The historiographers, as was well as certain sources and inscriptions proclaim Hassan-Jalal Dawla as “Lord of Khachen, Prince of Princes, King of Aghvank, King of the land of Artsakh”. According to an unknown Persian chronologer, “Khachen is an untractable region, lost in woods and mountains. It’s one of the Arran provinces. Armenians inhabit there. The Abkhaz people (Georgians) call their ruler “King”71. Of course, the word “king” here is not used in the traditional meaning, the “king” could be only the autocratic lord of a large country. Thus, Hassan-Jalals principality, called Khachen, covered all the territory of ancient Artsakh with its provinces, from the Arax river to Gardman borders. Hassan-Jalals son Atabek-Hvane ruled in Artsakh till his death (1287). Thereafter the descendants of the Jalalian family continued their rule and preserved the tradition of national sovereignity unbroken until the late medieval period.

The thirteenth century Artsakh-Khachen cultural and artistic works played preponderent role in the development of Armenian culture on the whole. The historians are captivated not only by the remarkable culture of Armenia prior, but Armeno-Cilician as well. The story of the Armenian political, cultural and ecclesiastical revival of the period is arresting for those scholars interested in the Armenian history. This era is truely called a silver age of the Armenian culture. The revival did not cease to exist even under the Mongol domination. The fine monastry of Gandzasar, the Dadivank monastery, Khatravank, St. Tsara, Vaghuhas Capital, Horrekavank, Gtichavank monasteries are the result of the flourishing period of thirteenth century. The Dadivank monastery comprised perhaps the largest and most complete monastic group of medieval Armenia, with twenty edifices divided into three parts, used for worship, living quarters and ancillary purposes. All the Armenian monastries contained scriptoriums, where numerous manuscripts were copied and illuminated, miniature painting was flourishing. Educational institutions were functioning in all the monasteries, where, besides languages and philosophy, painting and embroidering (for virgins) were taught. At the beginning of thirteenth century the first khachcars (cross-stones) were carved in Khachen. Amongst the most famous are the two at Gtichavank, which were kept in a church specially built for that purpose. The creative originality of the Dadivank khachkars was as great as those of Gtichavank.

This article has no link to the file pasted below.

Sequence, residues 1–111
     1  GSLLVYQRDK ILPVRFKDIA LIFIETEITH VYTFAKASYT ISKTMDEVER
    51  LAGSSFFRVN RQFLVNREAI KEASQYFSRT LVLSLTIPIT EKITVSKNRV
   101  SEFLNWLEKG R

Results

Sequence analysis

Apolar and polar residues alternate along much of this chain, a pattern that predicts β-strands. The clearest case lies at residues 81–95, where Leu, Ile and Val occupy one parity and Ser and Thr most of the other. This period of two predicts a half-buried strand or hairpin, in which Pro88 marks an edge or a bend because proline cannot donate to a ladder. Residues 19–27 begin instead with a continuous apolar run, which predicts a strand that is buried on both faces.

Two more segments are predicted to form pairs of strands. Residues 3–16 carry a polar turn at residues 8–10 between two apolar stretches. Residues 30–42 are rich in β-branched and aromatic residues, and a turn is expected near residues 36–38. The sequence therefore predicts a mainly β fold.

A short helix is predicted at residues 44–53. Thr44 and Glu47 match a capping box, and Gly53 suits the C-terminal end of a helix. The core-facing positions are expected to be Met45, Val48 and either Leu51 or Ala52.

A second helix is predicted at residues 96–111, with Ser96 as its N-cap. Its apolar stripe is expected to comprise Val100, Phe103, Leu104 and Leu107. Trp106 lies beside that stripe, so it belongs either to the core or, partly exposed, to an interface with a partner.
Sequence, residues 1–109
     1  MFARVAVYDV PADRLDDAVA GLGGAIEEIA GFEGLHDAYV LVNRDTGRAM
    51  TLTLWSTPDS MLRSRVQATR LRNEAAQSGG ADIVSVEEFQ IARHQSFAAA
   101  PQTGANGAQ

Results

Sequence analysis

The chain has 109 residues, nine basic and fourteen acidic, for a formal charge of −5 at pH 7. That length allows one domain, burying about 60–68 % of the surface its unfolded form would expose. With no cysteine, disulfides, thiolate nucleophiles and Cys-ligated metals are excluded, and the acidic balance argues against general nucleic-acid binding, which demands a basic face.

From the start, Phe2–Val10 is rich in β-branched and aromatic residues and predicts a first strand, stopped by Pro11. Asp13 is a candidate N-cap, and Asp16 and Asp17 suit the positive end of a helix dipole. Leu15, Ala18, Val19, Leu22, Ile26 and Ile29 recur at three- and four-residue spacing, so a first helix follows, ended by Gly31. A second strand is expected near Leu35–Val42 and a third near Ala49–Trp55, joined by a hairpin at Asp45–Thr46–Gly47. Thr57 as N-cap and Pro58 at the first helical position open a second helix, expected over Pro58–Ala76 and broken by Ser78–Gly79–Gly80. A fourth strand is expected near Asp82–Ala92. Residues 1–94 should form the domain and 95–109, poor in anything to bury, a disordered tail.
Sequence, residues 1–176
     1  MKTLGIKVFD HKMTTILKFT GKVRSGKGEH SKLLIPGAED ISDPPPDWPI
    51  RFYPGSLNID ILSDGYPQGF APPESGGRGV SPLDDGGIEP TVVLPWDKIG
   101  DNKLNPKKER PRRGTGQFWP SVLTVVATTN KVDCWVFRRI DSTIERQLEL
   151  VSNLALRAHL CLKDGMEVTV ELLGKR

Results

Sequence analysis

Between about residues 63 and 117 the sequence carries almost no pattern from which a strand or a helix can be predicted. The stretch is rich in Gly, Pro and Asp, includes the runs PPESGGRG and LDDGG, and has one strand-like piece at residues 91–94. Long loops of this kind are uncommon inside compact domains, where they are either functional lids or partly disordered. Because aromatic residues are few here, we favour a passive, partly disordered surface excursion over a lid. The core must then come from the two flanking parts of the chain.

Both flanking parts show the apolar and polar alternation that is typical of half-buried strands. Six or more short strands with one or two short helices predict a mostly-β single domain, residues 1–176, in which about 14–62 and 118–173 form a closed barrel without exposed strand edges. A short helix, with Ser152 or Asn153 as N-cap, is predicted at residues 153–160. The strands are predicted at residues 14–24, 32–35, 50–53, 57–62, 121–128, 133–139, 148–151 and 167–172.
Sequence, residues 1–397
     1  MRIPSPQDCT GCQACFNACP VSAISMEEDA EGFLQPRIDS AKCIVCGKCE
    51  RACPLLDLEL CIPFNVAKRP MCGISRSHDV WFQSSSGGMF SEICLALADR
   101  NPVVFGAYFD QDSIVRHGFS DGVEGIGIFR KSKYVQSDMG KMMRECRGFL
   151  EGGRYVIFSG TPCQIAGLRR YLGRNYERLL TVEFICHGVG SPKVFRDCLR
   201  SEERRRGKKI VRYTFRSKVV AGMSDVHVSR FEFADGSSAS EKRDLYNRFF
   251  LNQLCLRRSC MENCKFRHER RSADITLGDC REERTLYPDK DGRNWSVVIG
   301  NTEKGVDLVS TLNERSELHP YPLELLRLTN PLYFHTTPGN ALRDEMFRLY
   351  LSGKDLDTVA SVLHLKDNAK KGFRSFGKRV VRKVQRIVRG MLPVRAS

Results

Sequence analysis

Close ties bound Artsakh-Khachen with Armenian provinces, centres and with Cilician Armenian Kingdom. Several Armenian and Cilician manuscripts were obtained and kept in Khachen, which, during the Mongol domination were saved and preserved by the Armenian princes. A certain cultural renaissance took place in Armenian literary activity too, which has been called “the Albanian School” of Armenian literature, and which produced historians, philosophers, scientists and codifiers of law. Historical writing was one of the most significant aspects of classical and medieval Armenian literature of the district.

No violence or power could make the Armenians, sheltered in the highlands, give up their national script. It was the national spirit that inspired the Armenians of the Albanian region. The Armenian culture on the whole was influenced by the Artsakhian, as many famous scholars of Artsakh lived in the Armenian religious centres. For a long time the Khachen priests headed the Haghpat monastery. They erected churches and monuments, copied and illuminated manuscripts in Armenia proper.